Sellafield Ltd is now carefully reintroducing operational work on a phased basis after ramping down operations at the start of the COVID-19 epidemic.
Chief Executive Martin Chown visited the First Generation Magnox Storage Pond to see first hand the restart of work preparing for the maintenance of a Skip Handler crane which will be vital for getting nuclear waste out of the legacy pond once more work restarts later in the summer.
A nuclear site which normally has more than 8,000 people working on it was reduced to around 1,500 key workers in late March as an initial protective measure.
Now the number of workers is being carefully and cautiously brought back up, with the current restart trajectory expected to reach 3,000 people on site by mid-June. Initial plans have imposed a cap of 3,500 on the site at any one time and then review that situation, to allow people to more readily socially distance themselves from other workers.
It means thousands of employees have adapted to working differently and remotely and the company putting in place a process of prioritising the work packages where people need to come back to work.
Three high-profile areas of work have restarted in the last week, marking a significant step forward in Sellafield Ltd progressing its core mission of environmental remediation and safely storing nuclear material.
- restarting the work on commissioning the Silo Emptying Plant (SEP2) waste retrievals machine inside our highest hazard legacy storage facility, the Magnox Swarf Storage Silo
- restarting the work to repackage cans of plutonium into new containers. More background on this work available here
- maintenance work on the Skip Handler Crane in the First Generation Magnox Storage Pond, with similar work starting next week in its ‘sister’ legacy pond, the Pile Fuel Storage Pond.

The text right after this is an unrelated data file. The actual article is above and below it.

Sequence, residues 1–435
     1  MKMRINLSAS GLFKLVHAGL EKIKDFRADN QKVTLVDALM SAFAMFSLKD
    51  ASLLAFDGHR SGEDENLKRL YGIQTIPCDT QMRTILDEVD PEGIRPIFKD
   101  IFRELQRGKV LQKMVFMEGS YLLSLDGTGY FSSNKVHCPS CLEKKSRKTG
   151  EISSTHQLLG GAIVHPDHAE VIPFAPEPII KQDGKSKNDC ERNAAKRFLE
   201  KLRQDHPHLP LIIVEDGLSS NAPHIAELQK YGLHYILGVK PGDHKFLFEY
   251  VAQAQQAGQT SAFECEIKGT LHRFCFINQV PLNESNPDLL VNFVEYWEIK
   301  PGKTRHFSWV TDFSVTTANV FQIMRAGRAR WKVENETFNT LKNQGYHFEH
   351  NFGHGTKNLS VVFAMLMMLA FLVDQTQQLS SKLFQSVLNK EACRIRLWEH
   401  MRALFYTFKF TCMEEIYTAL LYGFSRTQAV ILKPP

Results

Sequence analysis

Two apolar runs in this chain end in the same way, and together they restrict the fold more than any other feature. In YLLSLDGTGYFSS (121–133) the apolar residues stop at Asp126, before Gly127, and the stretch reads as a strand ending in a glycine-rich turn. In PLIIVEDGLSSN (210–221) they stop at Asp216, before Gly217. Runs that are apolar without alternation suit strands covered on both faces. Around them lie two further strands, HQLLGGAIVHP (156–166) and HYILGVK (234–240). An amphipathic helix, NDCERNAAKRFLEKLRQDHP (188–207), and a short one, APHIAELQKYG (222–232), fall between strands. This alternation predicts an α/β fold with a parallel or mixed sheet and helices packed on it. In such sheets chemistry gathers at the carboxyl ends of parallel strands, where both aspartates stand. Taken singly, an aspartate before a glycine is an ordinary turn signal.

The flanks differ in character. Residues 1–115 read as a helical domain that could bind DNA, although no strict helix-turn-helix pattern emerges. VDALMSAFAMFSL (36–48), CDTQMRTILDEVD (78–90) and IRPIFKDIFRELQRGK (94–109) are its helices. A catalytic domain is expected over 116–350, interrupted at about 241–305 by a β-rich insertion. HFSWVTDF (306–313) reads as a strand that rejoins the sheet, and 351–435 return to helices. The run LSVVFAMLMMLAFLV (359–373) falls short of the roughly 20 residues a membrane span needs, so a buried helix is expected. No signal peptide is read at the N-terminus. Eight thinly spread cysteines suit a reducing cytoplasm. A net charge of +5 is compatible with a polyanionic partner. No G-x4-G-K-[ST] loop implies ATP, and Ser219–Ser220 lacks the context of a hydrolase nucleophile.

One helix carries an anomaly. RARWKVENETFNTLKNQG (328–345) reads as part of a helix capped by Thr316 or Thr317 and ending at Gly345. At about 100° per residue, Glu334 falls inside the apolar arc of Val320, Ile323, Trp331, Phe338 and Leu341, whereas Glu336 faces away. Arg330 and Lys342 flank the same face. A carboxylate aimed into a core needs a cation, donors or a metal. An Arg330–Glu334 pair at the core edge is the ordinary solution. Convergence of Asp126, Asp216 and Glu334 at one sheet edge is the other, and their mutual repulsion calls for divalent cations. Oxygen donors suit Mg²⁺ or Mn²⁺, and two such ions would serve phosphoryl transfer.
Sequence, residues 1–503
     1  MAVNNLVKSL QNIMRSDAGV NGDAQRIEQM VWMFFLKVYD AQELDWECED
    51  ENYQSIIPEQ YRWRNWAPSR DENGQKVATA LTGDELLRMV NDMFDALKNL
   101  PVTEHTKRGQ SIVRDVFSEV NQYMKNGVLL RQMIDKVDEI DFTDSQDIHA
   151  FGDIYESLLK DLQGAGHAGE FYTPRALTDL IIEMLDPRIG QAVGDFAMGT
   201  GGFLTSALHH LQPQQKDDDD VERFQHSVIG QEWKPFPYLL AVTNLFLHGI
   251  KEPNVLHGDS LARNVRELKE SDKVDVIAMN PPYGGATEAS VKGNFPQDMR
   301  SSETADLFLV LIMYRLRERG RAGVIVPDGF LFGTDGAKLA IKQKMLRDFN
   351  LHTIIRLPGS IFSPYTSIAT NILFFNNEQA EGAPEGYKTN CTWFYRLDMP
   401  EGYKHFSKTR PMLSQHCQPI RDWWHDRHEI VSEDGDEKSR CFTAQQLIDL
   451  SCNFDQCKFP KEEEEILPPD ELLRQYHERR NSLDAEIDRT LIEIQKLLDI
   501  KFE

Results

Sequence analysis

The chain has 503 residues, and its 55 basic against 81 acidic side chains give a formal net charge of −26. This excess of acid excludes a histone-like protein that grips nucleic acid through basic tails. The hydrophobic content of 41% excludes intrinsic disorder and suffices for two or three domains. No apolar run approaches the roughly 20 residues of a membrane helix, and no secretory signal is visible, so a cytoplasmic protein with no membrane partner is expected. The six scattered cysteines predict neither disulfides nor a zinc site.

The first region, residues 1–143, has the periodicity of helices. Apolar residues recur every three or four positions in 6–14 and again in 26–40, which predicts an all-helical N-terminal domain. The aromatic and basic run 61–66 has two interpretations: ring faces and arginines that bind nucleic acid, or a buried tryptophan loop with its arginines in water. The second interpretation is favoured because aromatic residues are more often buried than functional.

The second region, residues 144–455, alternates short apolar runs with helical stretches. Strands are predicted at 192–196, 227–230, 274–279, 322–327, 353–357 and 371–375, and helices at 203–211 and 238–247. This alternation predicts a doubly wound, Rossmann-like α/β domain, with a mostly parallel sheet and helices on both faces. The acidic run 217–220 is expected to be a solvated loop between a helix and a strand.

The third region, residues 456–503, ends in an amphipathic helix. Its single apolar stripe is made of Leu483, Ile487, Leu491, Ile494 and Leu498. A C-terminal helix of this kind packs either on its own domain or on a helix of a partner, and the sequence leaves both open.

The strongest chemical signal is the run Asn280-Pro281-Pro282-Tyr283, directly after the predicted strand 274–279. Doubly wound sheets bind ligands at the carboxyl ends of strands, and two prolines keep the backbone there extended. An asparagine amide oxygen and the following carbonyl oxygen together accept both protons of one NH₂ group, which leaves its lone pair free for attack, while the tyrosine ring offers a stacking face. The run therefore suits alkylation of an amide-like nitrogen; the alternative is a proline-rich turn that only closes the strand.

Allied to this have been the recent restart of construction work on the The Box Encapsulation Plant Product Store Direct Import Facility (BEPPS-DIF) major project – a key facility needed to store legacy waste in the future – and the return of some specialist nuclear designers into offices.
Of course, all along, around 1,500 key workers have been doing their vital work to keep the Sellafield site safe and secure throughout the global crisis.
Sellafield Ltd Chief Executive Martin Chown paid a visit to the legacy pond to meet those who have been continuing to go to work throughout the COVID-19 pandemic and learn more about the safety measures being put in place following the risk assessment work the business has been doing to allow people to work safely.
Martin also visited the BEPPS-DIF site, the first of our project construction sites to bring people back in.
The site was used as a test bed for a number of safety initiatives designed to keep people safe, with learning from that restart used in further project construction restarts over coming months.
I really enjoyed my time spent on the major construction sites and within our nuclear operations,
The preparations we have made in plants enable everyone to come back to work with confidence. I was most impressed with the commitment and positive attitude from all of our staff, who are an asset to our business.